West News Wire: As anticipated, the Federal Reserve increased interest rates by another 25 basis points on Wednesday, bringing the benchmark rate to its highest level since 2007.
The purpose of raising interest rates for the ninth time in a row is to deter inflation by raising the cost of borrowing, which might slow the economy and possibly cause a recession. It consequently drives up the rising cost of loans, credit cards, and vehicle financing.
With this change, the federal funds rate has gone up from almost zero in March 2022 to a range of 4.75% to 5%.
There was considerable speculation that the recent bank failures, particularly Silicon Valley Bank, may cause the Fed to delay raising interest rates. However, Federal Reserve Chair Jerome Powell has repeatedly said that price stability is the central bank’s “overarching focus.
The year-of-year over rate of inflation has slowed to 6%, but it’s still above the Fed’s preferred rate of 2%.
Rate hikes are often referred to as a “blunt instrument” because they affect the entire financial system. The effects are also hard to gauge, since it can take many months for a rate hike to be fully absorbed by the economy.
Since each rate hike adds to the risk of a recession, the Fed has slowed its increases somewhat, opting for 25 basis point hikes in February and March instead of the 75 basis point increases it enacted in late 2022. Despite the Fed slowing its roll, Powell has repeatedly said inflation remains a top priority.”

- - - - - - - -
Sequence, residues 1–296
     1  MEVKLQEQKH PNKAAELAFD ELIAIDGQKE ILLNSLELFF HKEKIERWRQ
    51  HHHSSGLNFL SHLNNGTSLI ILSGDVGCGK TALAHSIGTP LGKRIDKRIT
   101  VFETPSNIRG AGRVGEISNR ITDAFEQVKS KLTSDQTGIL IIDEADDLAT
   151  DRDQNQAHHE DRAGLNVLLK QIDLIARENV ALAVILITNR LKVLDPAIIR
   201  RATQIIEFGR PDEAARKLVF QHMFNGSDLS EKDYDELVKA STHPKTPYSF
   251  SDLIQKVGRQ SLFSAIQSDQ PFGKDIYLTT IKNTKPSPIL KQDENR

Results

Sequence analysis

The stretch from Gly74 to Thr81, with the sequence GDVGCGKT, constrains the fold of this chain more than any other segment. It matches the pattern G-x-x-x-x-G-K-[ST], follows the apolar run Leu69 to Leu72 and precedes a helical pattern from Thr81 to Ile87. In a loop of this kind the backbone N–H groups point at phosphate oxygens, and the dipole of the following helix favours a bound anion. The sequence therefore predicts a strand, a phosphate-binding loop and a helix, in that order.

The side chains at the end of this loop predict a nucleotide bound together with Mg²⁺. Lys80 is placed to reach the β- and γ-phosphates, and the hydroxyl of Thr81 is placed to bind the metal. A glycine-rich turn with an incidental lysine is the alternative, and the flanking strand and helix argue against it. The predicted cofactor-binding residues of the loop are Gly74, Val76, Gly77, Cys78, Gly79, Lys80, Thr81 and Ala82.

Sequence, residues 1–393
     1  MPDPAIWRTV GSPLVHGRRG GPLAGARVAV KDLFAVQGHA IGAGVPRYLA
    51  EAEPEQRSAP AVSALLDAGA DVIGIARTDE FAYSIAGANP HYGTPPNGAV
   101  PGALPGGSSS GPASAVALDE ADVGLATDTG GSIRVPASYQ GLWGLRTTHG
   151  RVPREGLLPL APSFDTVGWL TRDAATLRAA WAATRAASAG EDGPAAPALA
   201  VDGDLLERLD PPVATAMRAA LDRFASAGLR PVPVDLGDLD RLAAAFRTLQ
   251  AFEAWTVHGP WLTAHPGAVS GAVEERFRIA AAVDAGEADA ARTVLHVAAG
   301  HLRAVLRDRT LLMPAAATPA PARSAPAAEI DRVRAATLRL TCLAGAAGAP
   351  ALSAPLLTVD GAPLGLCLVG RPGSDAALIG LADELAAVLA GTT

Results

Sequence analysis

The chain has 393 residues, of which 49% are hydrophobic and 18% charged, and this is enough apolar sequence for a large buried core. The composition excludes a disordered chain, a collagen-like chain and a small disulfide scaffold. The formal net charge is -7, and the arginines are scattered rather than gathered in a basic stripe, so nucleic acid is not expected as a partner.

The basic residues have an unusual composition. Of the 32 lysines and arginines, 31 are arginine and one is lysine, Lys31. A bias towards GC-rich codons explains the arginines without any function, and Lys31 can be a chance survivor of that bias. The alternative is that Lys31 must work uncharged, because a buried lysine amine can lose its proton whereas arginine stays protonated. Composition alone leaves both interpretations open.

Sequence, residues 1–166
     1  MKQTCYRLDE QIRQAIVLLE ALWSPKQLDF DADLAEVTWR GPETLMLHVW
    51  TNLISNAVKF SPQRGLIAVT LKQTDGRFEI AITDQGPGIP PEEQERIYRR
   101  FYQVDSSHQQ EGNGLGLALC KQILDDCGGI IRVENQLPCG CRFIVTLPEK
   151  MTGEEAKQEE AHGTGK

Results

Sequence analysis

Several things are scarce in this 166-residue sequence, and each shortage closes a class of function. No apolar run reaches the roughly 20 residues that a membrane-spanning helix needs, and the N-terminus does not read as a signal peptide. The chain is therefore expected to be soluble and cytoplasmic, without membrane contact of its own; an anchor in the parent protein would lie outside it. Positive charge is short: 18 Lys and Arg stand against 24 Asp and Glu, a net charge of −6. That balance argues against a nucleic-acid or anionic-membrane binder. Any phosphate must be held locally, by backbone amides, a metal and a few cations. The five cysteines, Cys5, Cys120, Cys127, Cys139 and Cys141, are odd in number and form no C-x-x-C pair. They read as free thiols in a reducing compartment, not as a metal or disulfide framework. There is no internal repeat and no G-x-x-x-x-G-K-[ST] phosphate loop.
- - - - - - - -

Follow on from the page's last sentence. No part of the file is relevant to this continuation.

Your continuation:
“Restoring price stability is essential to set the stage for achieving maximum employment and stable prices over the longer run,” Powell said in his semiannual report to Congress earlier this month. “The historical record cautions strongly against prematurely loosening policy. We will stay the course until the job is done.”
Interest rates on a five-year car loans have nearly doubled since January 2022, from 3.86% to 6.48%, according to Bankrate data. Alongside rising car prices, many buyers have been priced out of the growing costs of owning a vehicle.
The interest rate on fixed federal loans has climbed from 3.73% to 4.99% in the last year, and will likely rise again for new loans disbursed after July 1.
The current annual percentage rate (APR) for credit cards is just over 20%, after climbing steadily from about 16% in early 2022. The latest rate hike will likely push up the average APR slightly, but not above 21%, according to Bankrate.